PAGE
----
Wednesday, February 28, 2007

Unless you have been living under a rock, you have heard about AFRICOM. According to President Bush, AFRICOM "will strengthen our security cooperation with Africa and create new opportunities to bolster the capabilities of our partners in Africa, ... Africa Command will enhance our efforts to bring peace and security to the people of Africa and promote our common goals of development, health, education, democracy, and economic growth in Africa.”

Now, of course, we commoners do not know the details of any such agreement between the U.S. and whatever African countries will sign up for the 'partnership'. So, it is quite possible that when the ink dries, any partnership will not only benefit the U.S. but will also benefit Africa.

In the interim, let us turn our sights to Nigeria. All the chatter in the U.S. regarding AFRICOM suggests that Nigeria has signed up for the partnership. I have not heard anything from Obasanjo's administration but what I have heard and read from the mouths of the U.S. military establishment makes it clear that Nigeria is in cahoots with the U.S. This gives me great cause for alarm. I am nervous about the militarization of American international policy particularly in the Gulf of Guinea, an area historically fraught with tension, violence, military domination and dictatorships and a quality of life that is abhorrent.

If you are wondering whether the U.S. currently has a military presence in the Gulf of Guinea, consider that U.S. military ships are at this moment patrolling the Niger Delta region with permission from Obasanjo. The U.S. military is also assisting the Nigerian government in beefing up and securing our northern border from terrorists (shudder!).

As I said above, it is quite possible that Nigeria will benefit from this arrangement. But from what I have seen and heard, there is little benefit for the ordinary Nigerian. Not yet, anyway. What is apparent is that this 'collaboration' is not one between equals. Whenever there is an unequal relationship, the smaller partner will undoubtedly get swallowed alive.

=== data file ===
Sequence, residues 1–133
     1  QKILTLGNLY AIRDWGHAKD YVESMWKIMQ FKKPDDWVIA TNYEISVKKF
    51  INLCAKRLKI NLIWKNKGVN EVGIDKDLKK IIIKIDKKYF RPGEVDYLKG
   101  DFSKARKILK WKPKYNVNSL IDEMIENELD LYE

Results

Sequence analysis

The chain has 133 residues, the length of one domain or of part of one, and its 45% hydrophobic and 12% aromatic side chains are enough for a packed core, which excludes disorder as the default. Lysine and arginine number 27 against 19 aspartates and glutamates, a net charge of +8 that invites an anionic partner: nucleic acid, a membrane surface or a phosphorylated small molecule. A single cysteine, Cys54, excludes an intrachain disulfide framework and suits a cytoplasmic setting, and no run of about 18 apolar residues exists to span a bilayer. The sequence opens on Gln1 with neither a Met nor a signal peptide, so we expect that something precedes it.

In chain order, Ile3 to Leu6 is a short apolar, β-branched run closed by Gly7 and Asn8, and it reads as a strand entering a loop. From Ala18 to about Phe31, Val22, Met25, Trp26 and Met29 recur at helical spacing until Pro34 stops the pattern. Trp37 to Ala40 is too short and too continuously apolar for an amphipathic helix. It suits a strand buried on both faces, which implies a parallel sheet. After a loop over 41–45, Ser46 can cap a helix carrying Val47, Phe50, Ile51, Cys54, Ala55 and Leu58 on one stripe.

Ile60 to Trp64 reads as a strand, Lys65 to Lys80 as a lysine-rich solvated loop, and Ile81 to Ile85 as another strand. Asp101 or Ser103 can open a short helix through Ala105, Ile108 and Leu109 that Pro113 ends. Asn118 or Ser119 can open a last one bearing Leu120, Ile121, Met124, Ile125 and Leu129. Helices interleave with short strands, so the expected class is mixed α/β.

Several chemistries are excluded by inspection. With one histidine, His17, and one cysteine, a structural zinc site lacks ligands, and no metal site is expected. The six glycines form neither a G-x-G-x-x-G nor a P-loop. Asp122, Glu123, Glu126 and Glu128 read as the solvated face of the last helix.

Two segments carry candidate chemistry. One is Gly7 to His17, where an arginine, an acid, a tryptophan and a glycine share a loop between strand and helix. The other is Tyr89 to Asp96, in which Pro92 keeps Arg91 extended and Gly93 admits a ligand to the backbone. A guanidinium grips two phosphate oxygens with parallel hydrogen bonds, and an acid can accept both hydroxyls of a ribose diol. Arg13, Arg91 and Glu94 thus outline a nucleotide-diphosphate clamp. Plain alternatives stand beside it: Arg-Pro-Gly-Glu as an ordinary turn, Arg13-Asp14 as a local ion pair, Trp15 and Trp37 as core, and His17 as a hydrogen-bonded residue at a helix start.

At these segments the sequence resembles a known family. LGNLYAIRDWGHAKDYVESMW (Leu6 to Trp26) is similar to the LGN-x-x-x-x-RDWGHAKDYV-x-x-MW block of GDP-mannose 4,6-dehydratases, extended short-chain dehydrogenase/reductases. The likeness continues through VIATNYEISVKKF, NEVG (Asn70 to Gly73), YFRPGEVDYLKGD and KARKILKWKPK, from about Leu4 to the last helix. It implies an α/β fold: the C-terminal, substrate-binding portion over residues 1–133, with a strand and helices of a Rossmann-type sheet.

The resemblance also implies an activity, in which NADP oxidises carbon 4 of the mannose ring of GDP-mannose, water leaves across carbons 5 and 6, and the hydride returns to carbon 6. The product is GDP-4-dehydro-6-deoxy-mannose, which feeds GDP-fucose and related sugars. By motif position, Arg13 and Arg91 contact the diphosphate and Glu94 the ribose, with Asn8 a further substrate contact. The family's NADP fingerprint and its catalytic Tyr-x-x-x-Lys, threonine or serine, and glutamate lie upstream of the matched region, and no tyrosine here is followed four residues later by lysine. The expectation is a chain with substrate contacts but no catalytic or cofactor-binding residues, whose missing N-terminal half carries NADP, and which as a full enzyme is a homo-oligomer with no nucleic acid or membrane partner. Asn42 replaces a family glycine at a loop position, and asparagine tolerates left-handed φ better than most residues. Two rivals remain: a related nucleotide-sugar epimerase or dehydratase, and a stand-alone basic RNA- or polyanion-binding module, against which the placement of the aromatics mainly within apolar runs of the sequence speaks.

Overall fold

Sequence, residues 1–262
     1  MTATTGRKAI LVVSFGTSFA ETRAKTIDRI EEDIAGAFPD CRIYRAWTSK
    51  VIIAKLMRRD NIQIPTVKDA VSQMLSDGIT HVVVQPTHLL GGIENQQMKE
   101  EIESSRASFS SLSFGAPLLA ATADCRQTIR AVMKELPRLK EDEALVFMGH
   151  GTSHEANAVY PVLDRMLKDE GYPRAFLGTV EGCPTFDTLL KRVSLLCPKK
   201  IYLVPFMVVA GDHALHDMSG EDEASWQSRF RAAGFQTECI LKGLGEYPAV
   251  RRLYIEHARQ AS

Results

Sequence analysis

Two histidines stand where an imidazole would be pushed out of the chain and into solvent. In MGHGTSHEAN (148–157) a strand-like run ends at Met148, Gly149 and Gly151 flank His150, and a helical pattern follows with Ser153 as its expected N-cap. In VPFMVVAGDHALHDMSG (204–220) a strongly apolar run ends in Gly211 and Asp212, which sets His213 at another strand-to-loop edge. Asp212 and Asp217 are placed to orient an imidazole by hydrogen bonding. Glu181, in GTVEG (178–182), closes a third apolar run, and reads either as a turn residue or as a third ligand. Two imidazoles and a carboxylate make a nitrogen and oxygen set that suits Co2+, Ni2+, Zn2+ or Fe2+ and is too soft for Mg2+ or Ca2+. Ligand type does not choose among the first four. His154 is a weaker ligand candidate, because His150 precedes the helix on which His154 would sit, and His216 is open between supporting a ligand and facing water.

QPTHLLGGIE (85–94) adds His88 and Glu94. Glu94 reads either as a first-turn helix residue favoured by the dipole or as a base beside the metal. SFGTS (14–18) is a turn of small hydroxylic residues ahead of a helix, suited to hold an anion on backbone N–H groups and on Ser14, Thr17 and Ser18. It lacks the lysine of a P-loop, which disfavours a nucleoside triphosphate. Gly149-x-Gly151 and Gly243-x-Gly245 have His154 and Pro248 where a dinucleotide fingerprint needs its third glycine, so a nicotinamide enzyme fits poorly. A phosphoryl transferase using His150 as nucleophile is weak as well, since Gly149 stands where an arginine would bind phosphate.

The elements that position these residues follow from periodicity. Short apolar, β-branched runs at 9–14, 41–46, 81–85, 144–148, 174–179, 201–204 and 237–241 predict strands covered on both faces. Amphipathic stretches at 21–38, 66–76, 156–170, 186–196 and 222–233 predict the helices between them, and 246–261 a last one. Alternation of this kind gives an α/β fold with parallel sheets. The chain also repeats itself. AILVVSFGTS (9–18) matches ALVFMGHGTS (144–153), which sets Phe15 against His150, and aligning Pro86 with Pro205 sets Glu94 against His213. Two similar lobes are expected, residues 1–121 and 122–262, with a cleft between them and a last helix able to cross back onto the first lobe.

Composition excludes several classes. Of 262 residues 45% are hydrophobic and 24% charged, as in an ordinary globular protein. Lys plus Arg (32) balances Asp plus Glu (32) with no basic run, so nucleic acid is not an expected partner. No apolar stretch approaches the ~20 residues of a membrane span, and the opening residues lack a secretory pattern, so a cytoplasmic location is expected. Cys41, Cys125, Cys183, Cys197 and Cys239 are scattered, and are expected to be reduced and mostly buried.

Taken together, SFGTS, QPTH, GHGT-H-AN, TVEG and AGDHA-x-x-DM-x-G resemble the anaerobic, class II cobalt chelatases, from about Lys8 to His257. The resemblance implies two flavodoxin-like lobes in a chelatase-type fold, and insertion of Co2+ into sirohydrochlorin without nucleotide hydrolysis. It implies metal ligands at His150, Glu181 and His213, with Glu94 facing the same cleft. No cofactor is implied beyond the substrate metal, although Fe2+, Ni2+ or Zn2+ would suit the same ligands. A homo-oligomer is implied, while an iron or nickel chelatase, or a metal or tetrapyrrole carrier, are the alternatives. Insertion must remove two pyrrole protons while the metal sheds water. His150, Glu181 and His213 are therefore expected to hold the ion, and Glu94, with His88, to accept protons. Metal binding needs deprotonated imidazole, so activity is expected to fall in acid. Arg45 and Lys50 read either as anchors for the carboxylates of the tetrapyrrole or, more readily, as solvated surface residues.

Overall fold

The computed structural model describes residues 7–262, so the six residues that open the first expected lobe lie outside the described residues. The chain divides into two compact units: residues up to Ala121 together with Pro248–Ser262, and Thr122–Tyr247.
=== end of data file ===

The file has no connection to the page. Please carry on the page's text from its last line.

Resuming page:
Anyway, I am concerned that the militarization of the Niger Delta will only cause more friction between the various forces that are currently fighting for control and/or access to oil revenues. By bringing in more military equipment and 'better trained' soldiers (be they American or Nigerian), the conflict between MEND and the Nigerian military will simply escalate, leaving the poor to suffer the consequences. Such military escalation will do very little to improve the living standards of the various ethnic groups that call the Delta home - the Ijaws, the Kalabari people or the Ogoni who are only three of approximately 65 nations that live in that region.

Additionally, assuming that AFRICOM is eventually headquartered in Sao Tome & Principe (within Nigeria's sphere of influence and close to our territorial boundaries), it will militarize a region that historically has been fraught with military repression and dictatorships (as mentioned above).

Of additional consequence is the possibility that the presence of America in the Delta Region will attract anti-American radicals into a region that is already unstable and in desperate need of democracy and not more conflict. Can you imagine the instability of Iraq taking place in Nigeria? God forbid! I would never wish such madness on anyone. However, one cannot ignore the fact that the presence of American soldiers in Iraq has drawn groups and individuals into Iraq with the sole purpose of attacking American interests.